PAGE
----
In the absence of much real news this week, the tabloid editors found Knutby appealing.
Literally, in fact: Pastor Helge Fossmo decided that he would appeal against his life sentence as soon as the judgement was announced a couple of weeks ago, and on Tuesday the prosecutor also filed an appeal against part of the court’s decision.
Convicted of murdering his second wife Alexandra, Fossmo was absolved of responsibility for the death of his first wife Heléne in 1999. She was found dead in the bath, with a wound to her head. Despite the fact that the pastor changed elements of the post-mortem documentation, removing the details about the toxic concentration of dextropropoxifen found in her blood, the court ruled that there was insufficient evidence to prove that her death was murder.
This is what the prosecuting team wants the court to hear again, yet there could be more to come. Nanny Sara Svensson was sentenced to psychiatric care but Wednesday’s Expressen published hints that prosecutors want the court to reconsider her sentence too.
“It’s possible that we’ll appeal against other parts of the judgement but I don’t want to comment until we’ve discussed the matter,” said prosecutor Anne Sjöblom.
Fossmo’s lawyer Ola Nordström told Tuesday’s Dagens Nyheter that his client is innocent. “The pastor did not force the nanny to do anything. He had nothing to do with the murder of his second wife,” said Nordström. He claims the responsibility rests entirely with nanny Sara Svensson, whom he says is mentally ill.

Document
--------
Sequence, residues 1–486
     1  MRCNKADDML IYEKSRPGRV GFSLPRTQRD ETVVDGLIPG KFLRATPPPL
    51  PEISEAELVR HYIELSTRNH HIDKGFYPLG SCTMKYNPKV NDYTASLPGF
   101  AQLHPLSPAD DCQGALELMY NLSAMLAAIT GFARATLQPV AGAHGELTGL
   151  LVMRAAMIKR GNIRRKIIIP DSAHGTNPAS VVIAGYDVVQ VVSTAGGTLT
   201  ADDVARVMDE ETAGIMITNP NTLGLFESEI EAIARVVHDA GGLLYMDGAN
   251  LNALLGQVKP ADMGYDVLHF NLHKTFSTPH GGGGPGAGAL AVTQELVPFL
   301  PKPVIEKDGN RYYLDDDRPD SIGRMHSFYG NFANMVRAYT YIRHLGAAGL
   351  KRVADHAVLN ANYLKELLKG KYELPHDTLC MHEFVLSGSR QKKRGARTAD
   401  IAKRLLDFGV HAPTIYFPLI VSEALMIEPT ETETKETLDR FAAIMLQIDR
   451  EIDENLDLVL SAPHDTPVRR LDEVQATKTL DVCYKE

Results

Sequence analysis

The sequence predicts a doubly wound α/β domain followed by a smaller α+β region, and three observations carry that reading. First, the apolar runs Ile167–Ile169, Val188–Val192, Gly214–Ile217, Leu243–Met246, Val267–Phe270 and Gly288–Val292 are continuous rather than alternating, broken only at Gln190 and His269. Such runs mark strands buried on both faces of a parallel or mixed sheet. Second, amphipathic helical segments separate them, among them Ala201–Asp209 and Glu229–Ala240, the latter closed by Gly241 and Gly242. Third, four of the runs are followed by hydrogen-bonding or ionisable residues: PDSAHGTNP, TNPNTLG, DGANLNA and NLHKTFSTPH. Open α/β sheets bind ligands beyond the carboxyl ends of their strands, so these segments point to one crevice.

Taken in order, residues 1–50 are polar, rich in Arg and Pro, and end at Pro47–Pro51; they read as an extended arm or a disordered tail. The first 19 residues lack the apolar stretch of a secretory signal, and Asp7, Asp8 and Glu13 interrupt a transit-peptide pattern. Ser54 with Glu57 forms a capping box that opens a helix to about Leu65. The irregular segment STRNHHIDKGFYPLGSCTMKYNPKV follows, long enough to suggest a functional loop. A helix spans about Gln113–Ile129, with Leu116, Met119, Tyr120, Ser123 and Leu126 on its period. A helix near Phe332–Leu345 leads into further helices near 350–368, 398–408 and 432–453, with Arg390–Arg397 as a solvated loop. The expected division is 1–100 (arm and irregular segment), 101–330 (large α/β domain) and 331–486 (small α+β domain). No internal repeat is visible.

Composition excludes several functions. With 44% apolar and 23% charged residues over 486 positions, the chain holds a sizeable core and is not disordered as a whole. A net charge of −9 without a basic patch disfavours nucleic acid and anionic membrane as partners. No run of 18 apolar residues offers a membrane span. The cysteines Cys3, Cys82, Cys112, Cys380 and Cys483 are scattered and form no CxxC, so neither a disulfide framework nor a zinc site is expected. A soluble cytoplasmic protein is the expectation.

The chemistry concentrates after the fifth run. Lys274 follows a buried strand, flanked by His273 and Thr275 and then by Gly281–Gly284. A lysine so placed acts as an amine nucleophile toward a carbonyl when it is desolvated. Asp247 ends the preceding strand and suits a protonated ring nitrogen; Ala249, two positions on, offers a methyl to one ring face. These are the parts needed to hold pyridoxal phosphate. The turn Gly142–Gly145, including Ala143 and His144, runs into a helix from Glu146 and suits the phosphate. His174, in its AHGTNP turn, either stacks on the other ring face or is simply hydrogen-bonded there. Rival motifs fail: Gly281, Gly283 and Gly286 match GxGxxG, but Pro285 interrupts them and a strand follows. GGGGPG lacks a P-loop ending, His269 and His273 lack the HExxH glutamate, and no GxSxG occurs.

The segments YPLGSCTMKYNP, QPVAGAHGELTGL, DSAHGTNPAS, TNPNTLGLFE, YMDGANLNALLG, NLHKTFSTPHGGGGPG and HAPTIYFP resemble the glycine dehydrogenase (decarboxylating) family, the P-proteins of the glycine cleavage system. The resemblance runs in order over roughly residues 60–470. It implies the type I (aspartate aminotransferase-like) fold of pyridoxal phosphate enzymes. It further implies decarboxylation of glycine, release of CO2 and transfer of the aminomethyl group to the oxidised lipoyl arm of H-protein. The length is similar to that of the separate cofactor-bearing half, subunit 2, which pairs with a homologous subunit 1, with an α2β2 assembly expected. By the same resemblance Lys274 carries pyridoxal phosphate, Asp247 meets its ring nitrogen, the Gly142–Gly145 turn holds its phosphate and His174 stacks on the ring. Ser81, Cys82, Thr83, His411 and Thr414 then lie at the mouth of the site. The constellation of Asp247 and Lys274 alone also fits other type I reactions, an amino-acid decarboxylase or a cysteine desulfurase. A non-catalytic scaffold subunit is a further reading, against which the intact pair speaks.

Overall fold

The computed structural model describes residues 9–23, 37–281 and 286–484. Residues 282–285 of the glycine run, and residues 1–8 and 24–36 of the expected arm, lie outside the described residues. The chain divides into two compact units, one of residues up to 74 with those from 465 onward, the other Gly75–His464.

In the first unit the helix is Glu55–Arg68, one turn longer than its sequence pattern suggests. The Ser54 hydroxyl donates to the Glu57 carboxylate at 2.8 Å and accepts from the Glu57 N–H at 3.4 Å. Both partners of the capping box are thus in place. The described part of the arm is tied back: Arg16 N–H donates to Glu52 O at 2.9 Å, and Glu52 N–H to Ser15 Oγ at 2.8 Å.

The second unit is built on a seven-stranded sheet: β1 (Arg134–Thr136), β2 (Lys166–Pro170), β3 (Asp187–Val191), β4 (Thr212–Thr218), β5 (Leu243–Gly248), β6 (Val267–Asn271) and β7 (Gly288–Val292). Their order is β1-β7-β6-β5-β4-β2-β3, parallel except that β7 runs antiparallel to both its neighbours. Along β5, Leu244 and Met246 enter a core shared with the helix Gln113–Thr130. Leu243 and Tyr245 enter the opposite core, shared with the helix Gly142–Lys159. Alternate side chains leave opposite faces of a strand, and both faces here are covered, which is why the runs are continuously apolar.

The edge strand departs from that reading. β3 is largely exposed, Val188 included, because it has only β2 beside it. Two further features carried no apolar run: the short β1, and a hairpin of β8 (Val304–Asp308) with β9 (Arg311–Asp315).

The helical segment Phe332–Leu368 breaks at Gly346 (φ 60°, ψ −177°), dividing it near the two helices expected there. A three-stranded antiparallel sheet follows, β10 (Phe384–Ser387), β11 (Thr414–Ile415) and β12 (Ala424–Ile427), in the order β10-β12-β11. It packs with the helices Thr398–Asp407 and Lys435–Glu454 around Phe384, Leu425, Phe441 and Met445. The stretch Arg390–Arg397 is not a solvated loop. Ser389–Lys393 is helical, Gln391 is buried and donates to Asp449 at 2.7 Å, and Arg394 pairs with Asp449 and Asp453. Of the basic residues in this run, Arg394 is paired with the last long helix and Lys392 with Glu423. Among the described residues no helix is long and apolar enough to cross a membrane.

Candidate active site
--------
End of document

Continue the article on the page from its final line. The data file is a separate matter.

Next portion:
Nordström says the pastor is doing fairly well in jail, but Expressen reported that he has written desperate letters to relatives saying he is terrified of spending the rest of his life behind bars.
Expressen printed excerpts from the letter: “All the energy drained from me while the tears were falling, as soon as I heard the judgment,” Fossmo wrote. “How in the world could I have been prepared to get a life sentence for something I didn’t do?”
In the letter he expresses anger with the nanny. “Sara has really destroyed my whole life…yet I still feel sorry for her!”
According to Expressen, Sara Svensson herself has also said she’s “scared to death” of ending up in prison. Her lawyer says she “just wants to get healthy” through court-ordered treatment.
Swedish rules of justice call for the Appeals Court to hear cases no later than eight weeks after a judgement from a lower court. For Knutby fans, that means mark your calendars for September 24th.
Aug. 20, 2004